Understanding Heat pump Water Heater Specs
When a water heater specification says that, e.g., the UEF is 3.39 and the recovery rate is 21 GPH, which mode(s) are those for? Are they both for the default mode? Or are they allowed to pick and choose the best-looking mode for each value so the UEF is 3.39 if you use the heat pump only mode but the recovery rate is 21 GPH only in the HP + electric mode?
Here are some example specifications:
Bradford White AeroTherm: https://s3.amazonaws.com/bradfordwhitecorp/wp-content/uploads/brochure_aerotherm_athrmb.pdf,
Rheem PROTERRA https://s3.amazonaws.com/WebPartners/ProductDocuments/FABA4C3B-688B-48B7-820D-C2179C539B04.pdf
The main impetus behind the question is wanting to know the actual first hour and recovery rates we’re likely to see in practice so we can ensure the unit is the right size and have an idea of how long it’s going to be running each day.
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"This operational mode shall be the default mode (or similarly-named, suggested mode for normal operation) as defined by the manufacturer in its product literature for giving selection guidance to the consumer. For heat pump water heaters, if a default mode is not defined in the product literature, each test shall be conducted under an operational mode in which both the heat pump and any electric resistance backup heating element(s) are activated by the unit's control scheme, and which can achieve the internal storage tank temperature specified in this test procedure; if multiple operational modes meet these criteria, the water heater shall be tested under the most energy-intensive mode."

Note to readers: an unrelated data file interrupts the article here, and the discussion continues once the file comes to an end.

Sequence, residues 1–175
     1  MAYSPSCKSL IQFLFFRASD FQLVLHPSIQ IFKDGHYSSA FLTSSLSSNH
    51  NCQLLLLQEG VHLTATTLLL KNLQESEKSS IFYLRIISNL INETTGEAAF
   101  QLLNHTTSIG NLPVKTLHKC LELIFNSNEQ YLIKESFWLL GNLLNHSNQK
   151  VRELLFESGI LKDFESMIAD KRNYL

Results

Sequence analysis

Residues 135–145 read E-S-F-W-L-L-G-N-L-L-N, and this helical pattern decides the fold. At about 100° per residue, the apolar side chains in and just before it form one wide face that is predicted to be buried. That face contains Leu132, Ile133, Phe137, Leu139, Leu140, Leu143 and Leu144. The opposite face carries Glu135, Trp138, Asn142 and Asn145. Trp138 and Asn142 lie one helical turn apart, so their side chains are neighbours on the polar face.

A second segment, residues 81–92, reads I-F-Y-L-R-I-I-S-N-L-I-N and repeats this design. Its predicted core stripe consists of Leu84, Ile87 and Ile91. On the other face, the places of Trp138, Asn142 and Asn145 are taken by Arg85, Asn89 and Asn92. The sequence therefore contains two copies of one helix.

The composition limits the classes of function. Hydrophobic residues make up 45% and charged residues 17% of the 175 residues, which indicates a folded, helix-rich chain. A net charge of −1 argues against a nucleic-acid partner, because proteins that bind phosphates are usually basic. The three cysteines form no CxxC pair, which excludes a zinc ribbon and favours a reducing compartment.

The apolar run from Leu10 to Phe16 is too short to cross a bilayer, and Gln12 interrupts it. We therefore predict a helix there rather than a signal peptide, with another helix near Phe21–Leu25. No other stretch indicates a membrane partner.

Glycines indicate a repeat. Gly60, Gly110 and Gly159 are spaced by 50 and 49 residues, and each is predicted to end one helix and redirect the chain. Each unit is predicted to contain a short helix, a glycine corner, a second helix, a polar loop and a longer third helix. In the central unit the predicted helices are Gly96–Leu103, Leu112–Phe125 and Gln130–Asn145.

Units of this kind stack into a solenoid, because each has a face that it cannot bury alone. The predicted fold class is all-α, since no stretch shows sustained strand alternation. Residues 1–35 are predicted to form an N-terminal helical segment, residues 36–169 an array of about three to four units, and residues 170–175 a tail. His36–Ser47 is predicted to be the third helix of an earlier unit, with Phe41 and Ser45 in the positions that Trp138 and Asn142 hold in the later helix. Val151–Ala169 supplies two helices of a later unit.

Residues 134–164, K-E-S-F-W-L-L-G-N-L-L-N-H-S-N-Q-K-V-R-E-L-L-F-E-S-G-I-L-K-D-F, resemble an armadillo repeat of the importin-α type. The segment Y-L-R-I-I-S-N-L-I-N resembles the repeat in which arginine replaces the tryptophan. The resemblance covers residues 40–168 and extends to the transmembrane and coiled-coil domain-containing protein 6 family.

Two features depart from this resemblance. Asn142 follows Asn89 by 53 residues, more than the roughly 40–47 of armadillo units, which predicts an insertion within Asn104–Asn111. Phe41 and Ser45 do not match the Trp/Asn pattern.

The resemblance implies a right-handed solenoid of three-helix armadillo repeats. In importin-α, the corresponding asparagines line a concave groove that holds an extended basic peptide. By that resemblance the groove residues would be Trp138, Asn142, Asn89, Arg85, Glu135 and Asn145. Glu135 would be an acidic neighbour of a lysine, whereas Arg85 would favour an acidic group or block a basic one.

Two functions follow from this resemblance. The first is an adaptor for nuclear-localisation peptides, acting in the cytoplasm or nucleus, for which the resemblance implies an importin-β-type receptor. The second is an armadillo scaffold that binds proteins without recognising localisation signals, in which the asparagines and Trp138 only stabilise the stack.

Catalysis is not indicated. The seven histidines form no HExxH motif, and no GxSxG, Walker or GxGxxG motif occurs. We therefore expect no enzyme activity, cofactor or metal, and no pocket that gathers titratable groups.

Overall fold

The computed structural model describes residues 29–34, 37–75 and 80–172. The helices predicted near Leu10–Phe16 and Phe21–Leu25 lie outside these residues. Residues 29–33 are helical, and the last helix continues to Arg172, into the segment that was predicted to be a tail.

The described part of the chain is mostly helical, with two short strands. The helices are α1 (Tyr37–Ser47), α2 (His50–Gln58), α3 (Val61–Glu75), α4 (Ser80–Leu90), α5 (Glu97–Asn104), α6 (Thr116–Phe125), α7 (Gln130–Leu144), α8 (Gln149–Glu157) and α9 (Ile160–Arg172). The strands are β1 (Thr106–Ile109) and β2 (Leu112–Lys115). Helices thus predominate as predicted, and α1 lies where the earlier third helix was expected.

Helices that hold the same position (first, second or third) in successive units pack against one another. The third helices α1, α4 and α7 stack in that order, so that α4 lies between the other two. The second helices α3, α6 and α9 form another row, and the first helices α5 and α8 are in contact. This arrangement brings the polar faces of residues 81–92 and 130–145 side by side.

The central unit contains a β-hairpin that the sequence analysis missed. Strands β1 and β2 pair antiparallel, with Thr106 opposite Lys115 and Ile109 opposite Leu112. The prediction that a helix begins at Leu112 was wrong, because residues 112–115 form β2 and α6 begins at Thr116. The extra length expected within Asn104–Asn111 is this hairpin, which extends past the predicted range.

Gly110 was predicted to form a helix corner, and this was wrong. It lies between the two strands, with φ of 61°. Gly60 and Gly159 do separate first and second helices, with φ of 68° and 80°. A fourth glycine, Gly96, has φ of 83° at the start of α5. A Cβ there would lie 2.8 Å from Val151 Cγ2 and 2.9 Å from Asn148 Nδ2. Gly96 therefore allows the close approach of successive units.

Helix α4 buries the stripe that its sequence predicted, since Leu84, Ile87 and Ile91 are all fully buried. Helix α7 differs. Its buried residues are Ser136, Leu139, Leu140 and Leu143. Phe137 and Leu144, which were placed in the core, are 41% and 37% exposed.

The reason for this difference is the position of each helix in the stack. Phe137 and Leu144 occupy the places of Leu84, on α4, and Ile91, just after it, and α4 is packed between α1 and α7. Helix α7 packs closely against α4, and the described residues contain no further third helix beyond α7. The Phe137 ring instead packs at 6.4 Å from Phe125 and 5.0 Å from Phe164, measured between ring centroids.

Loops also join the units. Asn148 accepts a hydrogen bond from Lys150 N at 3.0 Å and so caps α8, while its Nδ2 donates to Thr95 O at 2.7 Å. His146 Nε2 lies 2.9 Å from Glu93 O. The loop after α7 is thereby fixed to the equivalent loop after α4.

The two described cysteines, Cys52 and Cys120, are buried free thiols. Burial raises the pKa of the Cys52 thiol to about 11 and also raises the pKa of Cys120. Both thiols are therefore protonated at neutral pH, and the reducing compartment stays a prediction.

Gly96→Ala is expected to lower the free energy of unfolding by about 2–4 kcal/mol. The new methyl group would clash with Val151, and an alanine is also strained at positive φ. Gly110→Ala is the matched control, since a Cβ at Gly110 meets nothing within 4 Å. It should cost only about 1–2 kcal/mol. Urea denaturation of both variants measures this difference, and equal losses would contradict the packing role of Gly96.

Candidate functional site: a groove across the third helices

UEF is tested on "default" mode, which uses both heat pump and electric resistance. However, based on the "medium-usage" draw testing pattern, it is very unlikely that the resistance heating elements will be engaged much.
Generally speaking with HPWH, it's better to oversize and set a lower hot water temperature. That increases efficiency and lowers the chances of running out of hot water or running resistance elements.
Thank you! That's what I wanted to know.